COT: CHF, JPY and USD bought in response to virus spread
Head of Commodity Strategy
Summary: Speculators bought dollars for a second week with JPY and CHF also in demand as the death toll from the coronavirus continued to rise and infections accelerated
Saxo Bank publishes two weekly Commitment of Traders reports (COT) covering leveraged fund positions in bonds and stock index futures. For IMM currency futures and the VIX, we use the broader measure called non-commercial.
Hedge funds and other large speculators bought dollars for a second week as the Coronavirus uncertainty helped trigger renewed demand. Against ten IMM currency futures and the Dollar Index the dollar long rose by $2.2 billion to $6 billion, a four-week high.
The dollar buying was broad based with the exception being a 19% reduction in JPY shorts and a more than doubling of the CHF long to the highest since 2016
Speculators cut short positions in the Cboe VIX future (Ticker: VX) by 19% to 139k lots. Still an elevated and exposed position considering the continued rise in volatility since last Tuesday. Adding to this a return to backwardation which has removed the roll-yield short sellers have benefited from in recent months.
The Commitments of Traders (COT) report is issued by the US Commodity Futures Trading Commission (CFTC) every Friday at 15:30 EST with data from the week ending the previous Tuesday. The report breaks down the open interest across major futures markets from bonds, stock index, currencies and commodities. The ICE Futures Europe Exchange issues a similar report, also on Fridays, covering Brent crude oil and gas oil.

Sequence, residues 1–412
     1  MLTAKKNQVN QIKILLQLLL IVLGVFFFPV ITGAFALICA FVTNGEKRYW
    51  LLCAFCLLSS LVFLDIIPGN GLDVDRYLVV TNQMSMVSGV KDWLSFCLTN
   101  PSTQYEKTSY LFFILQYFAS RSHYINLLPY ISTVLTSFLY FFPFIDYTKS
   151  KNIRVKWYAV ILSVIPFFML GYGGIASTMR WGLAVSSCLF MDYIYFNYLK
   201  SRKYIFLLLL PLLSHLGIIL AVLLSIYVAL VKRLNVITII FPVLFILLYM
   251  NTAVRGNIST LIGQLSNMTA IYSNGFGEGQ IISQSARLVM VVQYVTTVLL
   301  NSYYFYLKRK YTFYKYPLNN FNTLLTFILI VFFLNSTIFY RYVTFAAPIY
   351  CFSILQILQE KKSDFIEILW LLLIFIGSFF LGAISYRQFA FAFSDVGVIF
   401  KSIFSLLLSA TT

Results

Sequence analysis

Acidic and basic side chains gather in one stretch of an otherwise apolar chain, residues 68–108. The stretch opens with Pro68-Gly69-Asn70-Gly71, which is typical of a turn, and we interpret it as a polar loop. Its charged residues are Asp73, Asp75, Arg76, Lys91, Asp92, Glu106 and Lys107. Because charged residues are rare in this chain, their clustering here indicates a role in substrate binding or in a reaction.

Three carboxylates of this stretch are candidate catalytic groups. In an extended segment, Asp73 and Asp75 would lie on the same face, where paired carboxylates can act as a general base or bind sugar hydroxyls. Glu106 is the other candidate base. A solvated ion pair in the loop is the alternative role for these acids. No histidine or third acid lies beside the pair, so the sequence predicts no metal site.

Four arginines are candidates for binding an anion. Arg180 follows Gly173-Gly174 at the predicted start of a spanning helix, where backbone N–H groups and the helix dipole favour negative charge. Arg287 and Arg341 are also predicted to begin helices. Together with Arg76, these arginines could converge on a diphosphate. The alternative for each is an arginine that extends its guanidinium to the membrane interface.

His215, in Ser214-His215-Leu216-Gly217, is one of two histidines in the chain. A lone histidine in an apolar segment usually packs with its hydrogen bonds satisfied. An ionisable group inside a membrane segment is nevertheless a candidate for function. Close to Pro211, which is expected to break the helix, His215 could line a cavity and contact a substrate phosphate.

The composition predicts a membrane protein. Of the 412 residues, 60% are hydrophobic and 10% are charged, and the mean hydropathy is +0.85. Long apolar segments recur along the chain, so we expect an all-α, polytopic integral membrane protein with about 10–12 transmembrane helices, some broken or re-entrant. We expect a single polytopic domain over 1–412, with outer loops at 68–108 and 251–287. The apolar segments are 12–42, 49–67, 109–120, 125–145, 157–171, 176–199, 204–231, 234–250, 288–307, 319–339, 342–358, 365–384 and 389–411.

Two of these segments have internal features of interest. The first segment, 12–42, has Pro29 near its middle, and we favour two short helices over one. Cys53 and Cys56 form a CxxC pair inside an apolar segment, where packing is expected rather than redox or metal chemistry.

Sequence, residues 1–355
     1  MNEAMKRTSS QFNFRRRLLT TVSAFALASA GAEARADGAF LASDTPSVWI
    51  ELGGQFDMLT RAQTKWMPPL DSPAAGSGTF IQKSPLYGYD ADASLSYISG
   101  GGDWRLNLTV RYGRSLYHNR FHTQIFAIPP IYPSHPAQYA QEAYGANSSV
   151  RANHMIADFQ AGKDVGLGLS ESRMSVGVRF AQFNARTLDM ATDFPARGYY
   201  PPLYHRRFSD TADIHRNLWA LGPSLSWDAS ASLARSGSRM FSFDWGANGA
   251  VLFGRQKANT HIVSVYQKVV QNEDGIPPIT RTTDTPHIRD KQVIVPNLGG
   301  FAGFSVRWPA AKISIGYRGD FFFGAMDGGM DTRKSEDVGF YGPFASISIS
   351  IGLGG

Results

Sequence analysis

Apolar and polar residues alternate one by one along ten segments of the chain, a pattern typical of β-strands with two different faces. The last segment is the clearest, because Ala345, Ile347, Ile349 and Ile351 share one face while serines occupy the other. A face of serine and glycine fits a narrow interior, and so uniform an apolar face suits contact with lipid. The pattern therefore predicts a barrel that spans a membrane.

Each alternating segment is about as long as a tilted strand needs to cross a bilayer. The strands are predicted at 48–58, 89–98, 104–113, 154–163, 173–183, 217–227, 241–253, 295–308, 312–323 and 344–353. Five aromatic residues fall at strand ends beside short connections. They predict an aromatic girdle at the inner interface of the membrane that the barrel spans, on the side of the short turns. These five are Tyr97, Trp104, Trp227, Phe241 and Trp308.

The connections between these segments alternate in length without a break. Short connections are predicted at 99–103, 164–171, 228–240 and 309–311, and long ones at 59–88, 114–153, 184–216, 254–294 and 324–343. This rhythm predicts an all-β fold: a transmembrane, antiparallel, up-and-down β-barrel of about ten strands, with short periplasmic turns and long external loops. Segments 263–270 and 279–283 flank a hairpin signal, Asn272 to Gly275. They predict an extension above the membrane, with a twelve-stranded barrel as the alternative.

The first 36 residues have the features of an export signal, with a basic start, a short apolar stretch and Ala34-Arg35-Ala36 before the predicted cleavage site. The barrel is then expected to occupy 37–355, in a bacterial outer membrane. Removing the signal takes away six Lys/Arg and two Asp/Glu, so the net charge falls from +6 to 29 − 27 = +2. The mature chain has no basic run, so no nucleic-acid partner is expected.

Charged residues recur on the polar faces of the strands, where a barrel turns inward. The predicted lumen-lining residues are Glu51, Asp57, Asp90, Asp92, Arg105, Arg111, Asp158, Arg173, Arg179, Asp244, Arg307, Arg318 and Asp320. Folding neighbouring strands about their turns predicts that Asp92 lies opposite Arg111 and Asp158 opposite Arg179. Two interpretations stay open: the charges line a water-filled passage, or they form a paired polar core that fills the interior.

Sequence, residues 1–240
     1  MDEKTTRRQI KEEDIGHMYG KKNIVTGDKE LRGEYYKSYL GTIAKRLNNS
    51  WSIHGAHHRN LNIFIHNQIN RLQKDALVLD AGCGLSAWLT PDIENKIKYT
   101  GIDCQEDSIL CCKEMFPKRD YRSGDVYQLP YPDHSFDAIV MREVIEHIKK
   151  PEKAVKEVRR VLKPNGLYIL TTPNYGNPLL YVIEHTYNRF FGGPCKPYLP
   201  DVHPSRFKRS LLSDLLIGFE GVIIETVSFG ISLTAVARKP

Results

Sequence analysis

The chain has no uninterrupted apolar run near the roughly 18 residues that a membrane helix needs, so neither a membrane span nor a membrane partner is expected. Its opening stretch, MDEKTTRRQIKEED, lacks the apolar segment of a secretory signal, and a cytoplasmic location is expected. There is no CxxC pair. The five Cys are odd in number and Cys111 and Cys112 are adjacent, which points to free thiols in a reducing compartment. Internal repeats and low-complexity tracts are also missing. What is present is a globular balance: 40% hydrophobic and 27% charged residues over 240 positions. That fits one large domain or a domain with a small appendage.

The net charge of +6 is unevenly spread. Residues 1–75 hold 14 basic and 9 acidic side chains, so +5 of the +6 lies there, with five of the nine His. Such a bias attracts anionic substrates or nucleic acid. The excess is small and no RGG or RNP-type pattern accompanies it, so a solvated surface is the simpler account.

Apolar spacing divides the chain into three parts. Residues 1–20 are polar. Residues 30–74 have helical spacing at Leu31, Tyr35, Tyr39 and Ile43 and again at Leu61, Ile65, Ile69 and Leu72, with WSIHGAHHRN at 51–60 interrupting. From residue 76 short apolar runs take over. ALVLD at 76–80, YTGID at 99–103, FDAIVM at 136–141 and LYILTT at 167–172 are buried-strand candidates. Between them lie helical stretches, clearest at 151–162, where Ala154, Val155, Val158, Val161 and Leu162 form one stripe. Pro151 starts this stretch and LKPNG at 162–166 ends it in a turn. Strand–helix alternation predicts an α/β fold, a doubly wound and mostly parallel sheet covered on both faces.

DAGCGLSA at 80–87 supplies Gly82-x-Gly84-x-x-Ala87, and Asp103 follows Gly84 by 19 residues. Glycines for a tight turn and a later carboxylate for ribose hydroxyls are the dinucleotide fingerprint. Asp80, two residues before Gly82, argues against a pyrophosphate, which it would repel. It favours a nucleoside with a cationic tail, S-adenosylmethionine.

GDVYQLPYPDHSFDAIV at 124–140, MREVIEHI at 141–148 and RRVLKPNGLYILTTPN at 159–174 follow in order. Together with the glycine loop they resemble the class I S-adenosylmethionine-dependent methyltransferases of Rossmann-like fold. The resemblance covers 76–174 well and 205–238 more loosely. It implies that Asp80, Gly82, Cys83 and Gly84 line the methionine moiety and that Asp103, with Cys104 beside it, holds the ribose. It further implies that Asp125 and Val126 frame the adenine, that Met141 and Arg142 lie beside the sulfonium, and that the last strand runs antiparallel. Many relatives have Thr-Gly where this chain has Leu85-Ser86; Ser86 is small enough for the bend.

In commodities, the open interest is broken into the following categories: Producer/Merchant/Processor/User; Swap Dealers; Managed Money and other.
In financials the categories are Dealer/Intermediary; Asset Manager/Institutional; Managed Money and other.
Our focus is primarily on the behaviour of Managed Money traders such as commodity trading advisors (CTA), commodity pool operators (CPO), and unregistered funds.
They are likely to have tight stops and no underlying exposure that is being hedged. This makes them most reactive to changes in fundamental or technical price developments. It provides views about major trends but also helps to decipher when a reversal is looming.
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